I also did a test as well with flac and red cd and it does not work with any format… or … vlc does not show chapters that exist. But I doubt anything is there.

I guess the format that I want to export to is m4b, although I did not download that format from vox , etc to test just yet. There is a program called m4b baker, but you need python qt 4 in order to build and run it and av linux has qt5 (hint)… There is a script somewhere that can merge with ffmpeg.
chatgpt swears on the holy bible that I should be able to select export chapters while making m4a. It says I have something wrongly installed, but that is not true.

I use the CD markers when exporting to Red Book format all the time. After that, a GUI tool like k3b, or CLI tool like shnsplit, makes quick work of converting the WAV/CUE pair into multiple audio files.

I’d be really surprised if you could find audio players that make use of BWF cue / cart chunk metadata anyway - they’re in common usage in broadcast automation systems, but very rare anywhere else. I wasn’t aware of any other standards for cue metadata within audio files, but Chris’s suggestions around mp4 look great.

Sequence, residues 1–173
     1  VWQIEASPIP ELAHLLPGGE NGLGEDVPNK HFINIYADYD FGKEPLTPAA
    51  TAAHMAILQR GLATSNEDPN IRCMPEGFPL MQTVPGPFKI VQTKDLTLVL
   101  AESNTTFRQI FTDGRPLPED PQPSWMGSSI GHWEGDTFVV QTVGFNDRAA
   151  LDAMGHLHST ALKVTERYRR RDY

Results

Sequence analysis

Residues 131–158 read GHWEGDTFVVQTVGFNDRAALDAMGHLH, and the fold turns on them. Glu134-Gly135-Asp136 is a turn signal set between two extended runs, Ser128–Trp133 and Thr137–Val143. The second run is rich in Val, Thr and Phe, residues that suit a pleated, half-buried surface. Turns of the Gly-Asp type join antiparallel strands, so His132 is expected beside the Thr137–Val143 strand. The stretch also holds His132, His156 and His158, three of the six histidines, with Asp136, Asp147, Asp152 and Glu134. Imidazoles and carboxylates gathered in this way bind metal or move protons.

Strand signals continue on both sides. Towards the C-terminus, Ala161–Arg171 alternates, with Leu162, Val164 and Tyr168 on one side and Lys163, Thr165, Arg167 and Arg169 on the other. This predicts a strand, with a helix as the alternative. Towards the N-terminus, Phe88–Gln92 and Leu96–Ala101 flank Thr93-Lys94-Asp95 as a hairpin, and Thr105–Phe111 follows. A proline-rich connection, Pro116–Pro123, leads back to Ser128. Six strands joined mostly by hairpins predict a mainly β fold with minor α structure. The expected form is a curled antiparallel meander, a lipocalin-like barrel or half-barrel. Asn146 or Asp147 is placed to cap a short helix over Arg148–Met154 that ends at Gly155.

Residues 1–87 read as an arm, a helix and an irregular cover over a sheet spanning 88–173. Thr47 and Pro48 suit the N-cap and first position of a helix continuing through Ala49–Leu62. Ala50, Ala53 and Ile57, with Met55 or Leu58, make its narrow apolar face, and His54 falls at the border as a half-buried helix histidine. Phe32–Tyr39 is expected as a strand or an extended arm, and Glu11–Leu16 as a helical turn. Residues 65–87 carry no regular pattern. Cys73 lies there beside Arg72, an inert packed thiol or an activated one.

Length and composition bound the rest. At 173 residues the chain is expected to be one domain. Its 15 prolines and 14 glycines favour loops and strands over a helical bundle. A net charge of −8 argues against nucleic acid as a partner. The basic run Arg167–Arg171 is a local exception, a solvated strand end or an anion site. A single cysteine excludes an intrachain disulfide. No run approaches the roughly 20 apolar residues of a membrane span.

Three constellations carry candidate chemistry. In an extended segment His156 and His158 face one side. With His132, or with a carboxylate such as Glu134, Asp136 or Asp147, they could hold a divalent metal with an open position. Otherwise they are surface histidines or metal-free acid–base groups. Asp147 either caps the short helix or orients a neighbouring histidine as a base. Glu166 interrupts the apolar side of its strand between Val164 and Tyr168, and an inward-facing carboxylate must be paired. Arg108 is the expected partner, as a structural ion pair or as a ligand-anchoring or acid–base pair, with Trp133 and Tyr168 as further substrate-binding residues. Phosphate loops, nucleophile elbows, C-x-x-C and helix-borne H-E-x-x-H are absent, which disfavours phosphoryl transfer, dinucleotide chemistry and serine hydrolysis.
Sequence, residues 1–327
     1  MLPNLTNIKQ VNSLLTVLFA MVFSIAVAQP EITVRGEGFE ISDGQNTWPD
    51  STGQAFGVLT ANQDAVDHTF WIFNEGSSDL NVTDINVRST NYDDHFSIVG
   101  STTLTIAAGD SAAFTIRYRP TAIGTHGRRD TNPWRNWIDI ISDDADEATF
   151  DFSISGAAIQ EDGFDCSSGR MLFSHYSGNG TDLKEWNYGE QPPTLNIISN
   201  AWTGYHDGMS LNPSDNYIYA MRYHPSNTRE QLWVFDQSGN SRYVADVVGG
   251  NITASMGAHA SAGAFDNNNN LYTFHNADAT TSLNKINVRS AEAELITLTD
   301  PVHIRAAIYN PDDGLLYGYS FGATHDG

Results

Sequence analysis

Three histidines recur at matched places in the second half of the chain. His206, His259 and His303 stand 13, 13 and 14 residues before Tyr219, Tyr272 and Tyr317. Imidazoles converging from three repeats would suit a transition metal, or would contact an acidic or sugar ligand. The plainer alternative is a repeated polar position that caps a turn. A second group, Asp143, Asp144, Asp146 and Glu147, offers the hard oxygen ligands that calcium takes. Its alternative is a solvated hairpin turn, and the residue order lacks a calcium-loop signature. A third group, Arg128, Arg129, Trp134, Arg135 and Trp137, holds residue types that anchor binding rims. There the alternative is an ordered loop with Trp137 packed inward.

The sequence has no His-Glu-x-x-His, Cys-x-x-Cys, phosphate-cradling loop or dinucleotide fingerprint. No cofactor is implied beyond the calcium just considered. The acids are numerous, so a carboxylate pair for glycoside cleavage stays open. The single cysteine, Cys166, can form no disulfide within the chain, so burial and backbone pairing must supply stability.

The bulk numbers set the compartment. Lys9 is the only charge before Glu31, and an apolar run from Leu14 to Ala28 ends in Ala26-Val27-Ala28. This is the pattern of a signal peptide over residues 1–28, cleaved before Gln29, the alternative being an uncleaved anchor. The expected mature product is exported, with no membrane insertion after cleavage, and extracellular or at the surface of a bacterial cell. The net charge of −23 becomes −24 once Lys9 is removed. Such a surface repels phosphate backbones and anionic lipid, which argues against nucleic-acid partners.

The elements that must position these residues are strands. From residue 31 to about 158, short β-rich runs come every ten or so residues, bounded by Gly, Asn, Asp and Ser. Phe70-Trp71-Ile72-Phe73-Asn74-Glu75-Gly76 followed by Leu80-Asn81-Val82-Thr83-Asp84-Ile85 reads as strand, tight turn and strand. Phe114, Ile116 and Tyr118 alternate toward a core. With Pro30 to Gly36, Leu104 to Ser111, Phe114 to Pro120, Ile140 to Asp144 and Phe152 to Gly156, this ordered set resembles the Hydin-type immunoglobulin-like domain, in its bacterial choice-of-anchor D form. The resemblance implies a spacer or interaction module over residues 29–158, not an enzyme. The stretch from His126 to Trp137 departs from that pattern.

What exactly did you test, and what do you mean by “does not work with any format?”

You either left out a lot of steps that you performed, or you completely misunderstood what I wrote earlier and did not perform the necessary steps.
Did you create a new preset which generates a cue file and/or an MP4 chapter file?
Did you then convert the markers from one of those files to appropriate VorbisComment chapter markers?
Did you then use metaflac (or some other tagging tool) to embed the comment metadata into the FLAC file?

I just made a test file to check, and VLC does no seem to parse VorbisComment metadata in FLAC files. That surprises me a little, VLC usually has pretty thorough file support, but maybe that extension never became widely used.